Panel A: Controlling for Liquidity
1 1.575.47 0.21 0.19−1.89−1.87
 [1.31] [1.34] [−1.65]
2 1.484.48 0.27 0.15−0.43−2.70
 [2.25] [1.68] [−2.78]
3 1.404.54 0.15 0.09 0.03−1.34
 [1.59] [0.97] [−1.90]
4 1.304.74 0.02−0.02 0.49 0.49
 [0.21][−0.17]  [0.54]
5 0.895.84−0.52−0.36 1.96 5.38
[−2.87][−2.09]  [4.26]
5-1−0.68 −0.73−0.55 
[−3.04] [−2.99][−2.15] 
Joint test p-value 0.04 0.01  0.00
 
Panel B: Controlling for Volume
1 1.104.73−0.11−0.13−2.08−3.12
[−0.58][−1.34] [−3.17]
2 1.184.01 0.08−0.08−0.47−3.39
 [0.46][−0.92] [−4.19]
3 1.183.78 0.10−0.04 0.04−2.84
 [0.66][−0.50] [−4.84]
4 0.984.18−0.17−0.23 0.55 0.14
[−1.06] [2.16]  [0.24]
5 0.385.31−0.90−0.71 2.17 4.29
[−3.86][−4.84]  [5.07]
5-1−0.72 −0.79−0.58 
[−3.49] [−3.22][−3.03] 
Joint test p-value 0.00 0.00  0.00
 
Panel C: Controlling for Past 12-Month Returns
1 1.255.55−0.11−0.17−2.03 0.39
[−0.64][−1.08]  [0.28]
2 1.194.87−0.08−0.19−0.49 0.82
[−0.57][−1.54]  [0.68]
3 1.284.76 0.02−0.08 0.03 0.97
 [0.15][−0.73]  [0.89]
4 1.064.88−0.22−0.27 0.56 4.86
[−1.64][−2.26]  [5.50]
5 0.365.87−1.05−0.90 2.11 7.17
[−5.01][−4.72]  [5.50]
5-1−0.89 −0.93−0.74 
[−4.72] [−4.00][−3.42] 
Joint test p-value 0.00 0.00  0.00

Table IV also reports post-formation βFVIX loadings. Similar to the post-formation βFVIX loadings in Table I, we compute the post-formation βFVIX coefficients using a monthly frequency regression with the four-factor model in equation (6) to be comparable to the FF-3 alphas over the same sample period. Both the pre-formation βΔVIX and post-formation βFVIX loadings increase from negative to positive from portfolio 1 to 5, consistent with a risk story. In particular, the post-formation βFVIX loadings increase from −1.87 for portfolio 1 to 5.38 for portfolio 5. We reject the hypothesis that the ex post βFVIX loadings are jointly equal to zero with a p-value less than 0.001.

C.5. Robustness to Volume Effects

Panel B of Table IV reports an analogous exercise to that in Panel A except we control for volume rather than liquidity. Gervais, Kaniel, and Mingelgrin (2001) find that stocks with high past trading volume earn higher average returns than stocks with low past trading volume. It could be that the low average returns (and alphas) we find for stocks with high βFVIX loadings are just stocks with low volume. Panel B shows that this is not the case. In Panel B, we control for volume by first sorting stocks into quintiles based on their trading volume over the past month. We then sort stocks into quintiles based on their βFVIX loading and average across the volume quintiles. After controlling for volume, the FF-3 alpha of the 5-1 long–short portfolio remains significant at the 5% level at −0.58% per month. The post-formation βFVIX loadings also monotonically increase from portfolio 1 to 5.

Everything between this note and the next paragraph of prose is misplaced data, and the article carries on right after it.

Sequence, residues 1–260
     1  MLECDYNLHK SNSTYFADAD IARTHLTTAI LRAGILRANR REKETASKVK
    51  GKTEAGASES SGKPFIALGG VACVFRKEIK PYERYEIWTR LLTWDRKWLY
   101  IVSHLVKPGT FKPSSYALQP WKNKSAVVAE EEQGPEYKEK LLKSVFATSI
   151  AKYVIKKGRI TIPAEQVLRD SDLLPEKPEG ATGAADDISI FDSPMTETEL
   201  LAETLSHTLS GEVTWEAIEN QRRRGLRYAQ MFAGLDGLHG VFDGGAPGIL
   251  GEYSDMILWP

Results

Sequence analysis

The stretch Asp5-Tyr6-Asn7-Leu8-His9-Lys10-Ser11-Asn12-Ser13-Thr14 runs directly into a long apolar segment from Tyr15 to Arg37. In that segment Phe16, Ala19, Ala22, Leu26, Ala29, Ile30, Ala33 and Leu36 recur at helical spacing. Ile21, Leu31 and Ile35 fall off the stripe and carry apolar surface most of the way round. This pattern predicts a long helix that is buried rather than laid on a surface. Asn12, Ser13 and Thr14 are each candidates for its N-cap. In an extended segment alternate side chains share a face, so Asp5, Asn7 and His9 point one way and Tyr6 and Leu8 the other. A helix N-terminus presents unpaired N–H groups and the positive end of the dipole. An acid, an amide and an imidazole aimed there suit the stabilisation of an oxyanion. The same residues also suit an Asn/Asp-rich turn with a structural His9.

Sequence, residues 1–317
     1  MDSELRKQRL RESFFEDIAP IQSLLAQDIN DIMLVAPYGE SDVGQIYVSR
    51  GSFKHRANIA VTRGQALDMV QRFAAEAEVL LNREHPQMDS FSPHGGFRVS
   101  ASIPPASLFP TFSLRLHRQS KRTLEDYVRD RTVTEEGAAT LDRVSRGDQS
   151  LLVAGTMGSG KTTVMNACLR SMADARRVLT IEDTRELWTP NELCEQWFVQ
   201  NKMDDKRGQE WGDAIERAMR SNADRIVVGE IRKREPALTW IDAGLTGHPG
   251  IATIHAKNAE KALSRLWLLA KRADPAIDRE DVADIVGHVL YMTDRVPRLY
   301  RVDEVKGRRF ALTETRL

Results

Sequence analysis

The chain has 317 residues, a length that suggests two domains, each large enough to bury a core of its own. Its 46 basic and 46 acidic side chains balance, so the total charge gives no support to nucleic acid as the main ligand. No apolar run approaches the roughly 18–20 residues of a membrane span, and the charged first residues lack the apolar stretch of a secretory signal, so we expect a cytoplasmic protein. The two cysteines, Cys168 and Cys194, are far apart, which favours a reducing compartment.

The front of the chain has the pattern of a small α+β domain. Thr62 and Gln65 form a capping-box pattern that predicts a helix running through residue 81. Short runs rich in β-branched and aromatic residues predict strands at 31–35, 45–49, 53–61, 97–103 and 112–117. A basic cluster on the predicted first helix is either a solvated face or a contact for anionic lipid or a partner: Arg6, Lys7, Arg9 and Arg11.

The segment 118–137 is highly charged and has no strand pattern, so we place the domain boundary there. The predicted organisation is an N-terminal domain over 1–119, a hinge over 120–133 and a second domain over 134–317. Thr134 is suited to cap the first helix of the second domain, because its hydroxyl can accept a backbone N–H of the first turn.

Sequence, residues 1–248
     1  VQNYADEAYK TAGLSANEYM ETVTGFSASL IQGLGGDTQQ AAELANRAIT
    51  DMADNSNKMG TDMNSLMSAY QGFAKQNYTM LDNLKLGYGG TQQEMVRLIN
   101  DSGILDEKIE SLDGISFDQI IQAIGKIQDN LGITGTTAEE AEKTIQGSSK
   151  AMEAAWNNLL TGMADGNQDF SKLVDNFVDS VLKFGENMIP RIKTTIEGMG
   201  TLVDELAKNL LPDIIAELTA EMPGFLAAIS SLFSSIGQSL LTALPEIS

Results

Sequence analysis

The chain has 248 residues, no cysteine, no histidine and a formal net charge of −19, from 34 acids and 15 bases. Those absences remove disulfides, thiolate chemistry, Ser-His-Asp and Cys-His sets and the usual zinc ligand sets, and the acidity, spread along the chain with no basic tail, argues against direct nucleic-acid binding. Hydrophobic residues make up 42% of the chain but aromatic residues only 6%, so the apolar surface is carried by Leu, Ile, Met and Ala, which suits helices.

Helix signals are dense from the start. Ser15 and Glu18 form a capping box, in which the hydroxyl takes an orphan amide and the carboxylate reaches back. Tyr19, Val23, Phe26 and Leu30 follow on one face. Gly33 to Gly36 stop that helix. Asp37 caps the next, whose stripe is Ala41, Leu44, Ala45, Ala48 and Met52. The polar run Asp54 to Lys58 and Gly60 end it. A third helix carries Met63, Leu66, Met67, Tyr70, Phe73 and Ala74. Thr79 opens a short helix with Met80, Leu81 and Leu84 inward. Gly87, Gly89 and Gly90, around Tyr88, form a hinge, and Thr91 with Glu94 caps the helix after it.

C.6. Robustness to Momentum Effects

Our last robustness check controls for the Jegadeesh and Titman (1993) momentum effect in Panel C. Since Jegadeesh and Titman report that stocks with low past returns, or past loser stocks, continue to have low future returns, stocks with high past βΔVIX loadings may tend to also be loser stocks. Controlling for past 12-month returns reduces the magnitude of the raw −1.04% per month difference between stocks with low and high βFVIX loadings to −0.89%, but the 5-1 difference remains highly significant. The CAPM and FF-3 alphas of the portfolios constructed to control for momentum are also significant at the 1% level. Once again, the post-formation βFVIX loadings are monotonically increasing from portfolio 1 to 5. Hence, momentum cannot account for the low average returns to stocks with high sensitivities to aggregate volatility risk.

D. The Price of Aggregate Volatility Risk

Tables III and IV demonstrate that the low average returns to stocks with high past sensitivities to aggregate volatility risk cannot be explained by size, book-to-market, liquidity, volume, or momentum effects. Moreover, Tables III and IV also show strong ex post spreads in the FVIX factor. Since this evidence supports the case that aggregate volatility is a priced risk factor in the cross-section of stock returns, the next step is to estimate the cross-sectional price of volatility risk.

To estimate the factor premium λFVIX on the mimicking volatility factor FVIX, we first construct a set of test assets whose factor loadings on market volatility risk are sufficiently disperse so that the cross-sectional regressions have reasonable power. We construct 25 investible portfolios sorted by βMKT and βΔVIX as follows. At the end of each month, we sort stocks based on βMKT, computed by a univariate regression of excess stock returns on excess market returns over the past month using daily data. We compute the βΔVIX loadings using the bivariate regression (3) also using daily data over the past month. Stocks are ranked first into quintiles based on βMKT and then within each βMKT quintile into βΔVIX quintiles.

Jagannathan and Wang (1996) show that a conditional factor model like equation (1) has the form of a multifactor unconditional model, where the original factors enter as well as additional factors associated with the time-varying information set. In estimating an unconditional cross-sectional price of risk for the aggregate volatility factor FVIX, we recognize that additional factors may also affect the unconditional expected return of a stock. Hence, in our full specification, we estimate the following cross-sectional regression that includes FF-3, momentum (UMD), and liquidity (LIQ) factors:

  • image(7)

where the λs represent unconditional prices of risk of the various factors. To check robustness, we also estimate the cross-sectional price of aggregate volatility risk by using the Coval and Shumway (2001)STR factor in place of FVIX in equation (7).